Longsnout Flounder, Ammotretis rostratus Günther 1862

Other Names: Bay Flounder, Long-nosed Flounder, Long-snout Flounder, Long-snouted Flounder, Long-snouted Sole, The Melbourne Sole

A Longsnout Flounder, Ammotretis rostratus, at St Leonards, Port Phillip, Victoria, March 2020. Source: @dentrock / iNaturalist.org. License: CC By Attribution-NonCommercial

A sandy-coloured to pale brown flounder speckled with variable darker spots, and a whitish pectoral fin on the blind side (underside). The Longsnout Flounder has both eyes on the right side of the head, the dorsal fin originating at the tip of the hooked snout, and two pelvic fins
This is the most common flounder in Port Phillip, Victoria - mostly extremely well-camouflaged juveniles that are difficult to see.

Cite this page as:
Bray, D.J. & Bradley, E. 2022, Ammotretis rostratus in Fishes of Australia, accessed 24 Jun 2024, https://fishesofaustralia.net.au/home/species/985

Longsnout Flounder, Ammotretis rostratus Günther 1862

More Info


Southern Australia, from Newcastle, New South Wales, to Hardy Inlet, Western Australia, including coastal Tasmania.
Inhabits broken shelly and sandy areas in bays, estuaries and coastal waters, in depths to 80 m. Juveniles occur in shallower waters than adults, especially in estuaries. 


Dorsal fin 76-86; Anal fin 51-56; Caudal fin 14; Pectoral fin (right) 11-13, (left) 9-12; Pelvic fin (right) 7, (left) 4; Lateral line scales 70-90.
Body deep (55-60% SL); head small; eyes small, separated by a narrow space; snout extended into a hook-like process projecting downwards in front of small, oblique mouth; teeth small.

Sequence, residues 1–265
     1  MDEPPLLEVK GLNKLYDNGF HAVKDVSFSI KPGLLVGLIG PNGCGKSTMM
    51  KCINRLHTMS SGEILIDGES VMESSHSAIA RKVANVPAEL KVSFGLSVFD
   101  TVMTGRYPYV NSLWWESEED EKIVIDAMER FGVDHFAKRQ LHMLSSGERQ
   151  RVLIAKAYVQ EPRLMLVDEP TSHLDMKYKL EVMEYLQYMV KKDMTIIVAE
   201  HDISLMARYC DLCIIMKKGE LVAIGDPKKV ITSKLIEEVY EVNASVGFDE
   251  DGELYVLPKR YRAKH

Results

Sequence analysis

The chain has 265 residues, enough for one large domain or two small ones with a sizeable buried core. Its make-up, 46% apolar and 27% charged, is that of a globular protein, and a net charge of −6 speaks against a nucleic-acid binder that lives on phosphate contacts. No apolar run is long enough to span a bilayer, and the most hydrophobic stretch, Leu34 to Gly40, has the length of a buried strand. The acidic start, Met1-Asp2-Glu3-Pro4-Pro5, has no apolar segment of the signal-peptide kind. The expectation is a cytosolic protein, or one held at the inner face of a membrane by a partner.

Scales ctenoid, very small, rather firmly attached on both sides.
Dorsal, anal and caudal fins separate; dorsal fin arising on tip of snout. Both pectoral fins of similar size and shape. Pelvic-fin base on right side elongate.


Attains a length of about 30cm TL.


The eyed side (right side) of Longsnout Flounders is light brown or sandy and speckled with darker spots. The pectoral fin is mostly black in larger individuals. The blind side (left side) is whitish in colour.


Feeds on small bony fishes, crustaceans, bivalves and squids.



Although the flesh is of a very high quality, most fish caught are too small to make preparation worthwhile.



This is the most common species of the genus in southern Australian waters - and possibly the most frequently encountered flounder in this area.

Similar Species


The specific name is from the Latin rostratus (= beaked), in reference to the fleshy hook-like snout.

Species Citation

Ammotretis rostratus Günther 1862, Catalogue of the Fishes in the British Museum Vol. 4: 458. Type locality: Norfolk Bay, Tasmania (incorrect as Norfolk Island in original publication).


Bray, D.J. & Bradley, E. 2022


Atlas of Living Australia

Longsnout Flounder, Ammotretis rostratus Günther 1862


Allan, R. 2002. Australian Fish and How to Catch Them. Sydney : New Holland Publishers (Australia) 394 pp. 

Castelnau, F.L. de 1872. Contribution to the ichthyology of Australia. 1. The Melbourne fish market. Proceedings of the Zoological and Acclimatisation Society of Victoria 1: 29-242 1 pl. (described as Rhombosolea bassensis, type locality Melbourne, Vic) See ref at BHL

Crawford, C.M. 1986. Development of eggs and larvae of the flounders Rhombosolea tapirina and Ammotretis rostratus (Pisces: Pleuronectidae). Journal of Fish Biology 29(3): 325-334. https://doi.org/10.1111/j.1095-8649.1986.tb04949.x

Edgar, G.J. 2000. Australian Marine Life: the plants and animals of temperate waters. Sydney : Reed New Holland Revised Edn, 544 pp.